By DARRELL FRY
© St. Petersburg Times, published October 19, 2000
GREENSIDE BUNKER: Sand traps surrounding the green.
GETTING UP AND DOWN: Pitching or chipping onto the green, then sinking a putt with one stroke.
SHORT GAME: A player's skill at pitching, chipping and putting.
GET SOME LEGS: A phrase shouted when it appears a shot might land short of its target, possibly in water or another hazard.
HONORS: Refers to teeing off first on any hole as a reward for having the lowest score of your foursome on the previous hole.
PROVISIONAL TEE SHOT: A second tee shot hit because the initial one may have landed out of bounds or resulted in a lost ball.
APPROACH SHOT: A shot aimed at the green.
DUCK-HOOKED: An errant shot that starts straight, then veers sharply to the left for a right-handed golfer.
THE BIG DOG: A driver.
THE LINE: The path a ball must travel to get to the hole.
KNOCK DOWN SHOT: Any shot purposely hit low, perhaps to avoid wind drag or a low-hanging tree limb.
PIN HIGH: Describes a shot hit the exact distance to the flag regardless of whether it's too far left or right.
CHILI-DIP: Taking a bigger-than-desired divot on a chip shot, severely reducing the distance of the shot.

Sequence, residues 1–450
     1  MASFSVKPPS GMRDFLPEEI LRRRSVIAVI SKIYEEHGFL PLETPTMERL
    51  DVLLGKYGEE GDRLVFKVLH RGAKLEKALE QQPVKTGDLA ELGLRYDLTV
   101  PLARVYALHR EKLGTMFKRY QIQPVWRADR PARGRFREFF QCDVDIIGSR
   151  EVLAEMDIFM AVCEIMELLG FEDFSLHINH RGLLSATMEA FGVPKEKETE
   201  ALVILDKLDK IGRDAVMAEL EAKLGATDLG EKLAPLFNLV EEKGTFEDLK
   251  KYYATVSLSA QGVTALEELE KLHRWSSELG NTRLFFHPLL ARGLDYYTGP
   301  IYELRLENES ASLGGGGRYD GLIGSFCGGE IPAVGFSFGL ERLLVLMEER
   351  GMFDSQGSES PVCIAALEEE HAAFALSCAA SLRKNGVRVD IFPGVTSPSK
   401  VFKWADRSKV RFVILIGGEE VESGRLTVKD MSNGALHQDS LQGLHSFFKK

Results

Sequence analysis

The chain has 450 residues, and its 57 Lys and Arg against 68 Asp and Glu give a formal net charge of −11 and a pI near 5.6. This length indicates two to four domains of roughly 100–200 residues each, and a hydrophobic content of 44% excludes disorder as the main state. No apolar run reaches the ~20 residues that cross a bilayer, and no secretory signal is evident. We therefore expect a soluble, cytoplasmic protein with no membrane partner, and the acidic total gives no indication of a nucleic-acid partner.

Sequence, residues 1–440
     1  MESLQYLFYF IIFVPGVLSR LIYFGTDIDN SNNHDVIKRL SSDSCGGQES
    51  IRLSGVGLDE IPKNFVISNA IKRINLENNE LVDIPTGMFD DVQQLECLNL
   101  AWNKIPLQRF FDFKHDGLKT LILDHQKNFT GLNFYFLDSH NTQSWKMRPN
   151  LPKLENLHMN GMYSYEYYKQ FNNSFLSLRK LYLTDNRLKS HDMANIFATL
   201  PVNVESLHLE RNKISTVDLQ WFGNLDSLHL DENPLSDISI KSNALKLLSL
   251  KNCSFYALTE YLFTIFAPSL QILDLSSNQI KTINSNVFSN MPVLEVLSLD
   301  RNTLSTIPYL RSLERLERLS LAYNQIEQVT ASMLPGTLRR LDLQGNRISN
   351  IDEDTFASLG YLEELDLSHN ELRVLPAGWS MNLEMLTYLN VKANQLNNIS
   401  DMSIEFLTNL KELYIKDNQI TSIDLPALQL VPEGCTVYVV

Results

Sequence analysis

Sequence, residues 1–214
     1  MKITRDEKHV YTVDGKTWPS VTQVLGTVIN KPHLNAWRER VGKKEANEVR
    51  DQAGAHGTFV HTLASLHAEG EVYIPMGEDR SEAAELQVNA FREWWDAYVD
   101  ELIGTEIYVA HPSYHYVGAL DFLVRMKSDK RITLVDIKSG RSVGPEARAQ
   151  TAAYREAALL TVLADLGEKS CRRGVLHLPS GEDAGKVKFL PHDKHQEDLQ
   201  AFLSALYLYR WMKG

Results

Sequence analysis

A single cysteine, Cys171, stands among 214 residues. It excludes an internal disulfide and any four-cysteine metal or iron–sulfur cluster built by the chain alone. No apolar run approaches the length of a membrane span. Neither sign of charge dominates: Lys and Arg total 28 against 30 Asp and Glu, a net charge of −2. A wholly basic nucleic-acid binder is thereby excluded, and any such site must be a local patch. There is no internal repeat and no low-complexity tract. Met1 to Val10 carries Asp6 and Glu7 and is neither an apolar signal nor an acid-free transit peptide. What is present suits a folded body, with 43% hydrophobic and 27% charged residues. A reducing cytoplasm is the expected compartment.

After the tee shot, always let the golfer whose ball is farthest from the hole hit first.
Always allow another golfer to putt out if asked.
Always keep pace with the group ahead.
On greens, never step in the likely path of another golfer's ball.
Never talk or move dramatically once another golfer is in position to hit his ball.
Never hit out of turn unless everyone agrees to it.
Charles Howell III, who is grouped with Casey Martin and Bill Shriver for today's opening round, has done something Tiger Woods didn't. He won the NCAA individual championship by a record eight strokes with a record 23 under par this year.
Golf officials use an instrument called a Stimpmeter to measure the speed of the greens. The device was invented in 1936 by Edward Stimpson.
The grain of the grass on greens -- meaning the direction the blades grow -- is affected by water. Blades generally grow toward water. That's helpful for golfers trying to determine how fast their ball will roll because putting against the grain slightly slows the ball.
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From the wire
From the state sports wire
Baseball Hubert Mizell Tampa Bay Classic Lightning Sports Etc.
Hubert Mizell Tampa Bay Classic Lightning Sports Etc.